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September 11, 1982 - Image 7

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Text
Publication:
The Michigan Daily, 1982-09-11

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ARTS
The Michigan Daily. Saturday, September 11, 1982 Page 7
Ending the summer with a bang

,I ANN ARBOR LATE SHOWS
INDIVIDUAL THEATRES FRI & SAT NIGHT ALL
S A.ce ",e 719700 SEATS $2.25
AT MIDNIGHT (R( AT 12:15 (R)
BRUCE
LEE3
Enter The Dragon

By Robert Weisberg
IT LOOKS LIKE there's still enough
time for one more summer bash
before academic annihilation begins:
clipse's first ever end-of-summer free
usical extravaganza this Sunday at

Palmer Field (adjacent to the CCRB).
Eclipse has been sponsoring a free
summer concert series in Ann Arbor
since 1978, but this weekend's five-band
show, which will also be used to
familiarize students with the
recreational sports facilities at
Michigan and the hill dorms, will be the
r r
er Field as part of the end-of-summer
WIQB. Q

first undertaken after the beginning of
a fall semester.
"It's a good way of introducing
freshmen to Eclipse," said Larry
Bram, new head of the non-profit
student jazz society. "Ann Arbor people
love free music-free anything," ex-
plained Bram, who added that he ex-
pects three to five thousand people at
the show.
The five bands scheduled for the af-
ternoon are Resistance Free, a band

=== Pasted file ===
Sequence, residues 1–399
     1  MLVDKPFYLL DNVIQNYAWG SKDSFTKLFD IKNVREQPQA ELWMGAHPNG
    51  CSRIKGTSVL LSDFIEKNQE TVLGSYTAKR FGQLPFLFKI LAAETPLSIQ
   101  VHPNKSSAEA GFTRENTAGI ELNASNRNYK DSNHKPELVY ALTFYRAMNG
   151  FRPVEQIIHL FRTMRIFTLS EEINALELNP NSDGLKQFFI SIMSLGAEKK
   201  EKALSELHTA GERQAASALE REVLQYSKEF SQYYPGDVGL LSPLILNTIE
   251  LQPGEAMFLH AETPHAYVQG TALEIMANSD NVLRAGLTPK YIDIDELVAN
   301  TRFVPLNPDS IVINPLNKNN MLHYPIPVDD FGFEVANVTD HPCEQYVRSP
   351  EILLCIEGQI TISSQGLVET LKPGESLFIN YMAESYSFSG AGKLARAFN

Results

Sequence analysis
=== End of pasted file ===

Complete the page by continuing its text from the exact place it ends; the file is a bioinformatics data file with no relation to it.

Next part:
described as "pseudo new wave" by
Bram; Stolen Legacy, one of several
new reggae bands around town; Dick
Siegel's familiar swinging band;
Funksh'n, who not surprisingly play
funk; and those favorite local reac-
tionaries, the Urbations.
Bram said that such a disparate
lineup is right in line with Eclipse's goal
of presenting a mixed bag to the-sup-
posedly open-minded locals during
their summer series.
"We made an effort with the idea that
Ann Arbor is a cultural mecca, to offer
all different types of music," he ex-
plained.
"We tried to expose bands who
haven't been getting bar dates in
town," such as Resistance Free, as well
as presenting a lot of local favorites, he
said. "For a lot of jazz bands these are
their only gigs."
Noble enough, but had it not been for
the sudden appearance of an unlikely
new sponsor there might not have been
aug exposure for anyone. Randy Z,
program director of local tried-and-
true rock 'n' roll station WIQB, said
that he picked up the local paper one af-
ternoon to discover that Eclipse was
short of money and might only be able
to afford one or two shows. "We thought
that was a real fine shame," said Z,
"and we decided to come up with the
bucks."
Their support as well as that of
eighteen other co-sponsors made
possible a complete schedule of four

weekend shows during the summer plus
daily performances throughout the art
fair. There was even enough left over
from the radio station's allotment to
allow them to be the exclusive financial
sponsors for this weekend's festivites.
Why would a one-dimensional station
like WIQB sponsor music their DJs
would never lay a hand on? "We are in
See CONCERT, Page 8

2 INDIVIDUAL THEATRES
5th Awe t f"*berty 761-0700

"Irresistible'
"Nothing less than the be
comedy about being
young since Truffaut's
'Small Change'."
VINCENT CANBY,.N.Y.TIMES

I,
s
st
(PG)
,

Dick Siegel appears Sunday at Palm
free concert sponsored by Eclipse and

Gregory
Girl
FRI, MON-6:30, 8:20, 10:10
SAT, SUN-12:50, 2:40, 4:40
6:30, 8:20, 10:10

'Gregory's

Girl'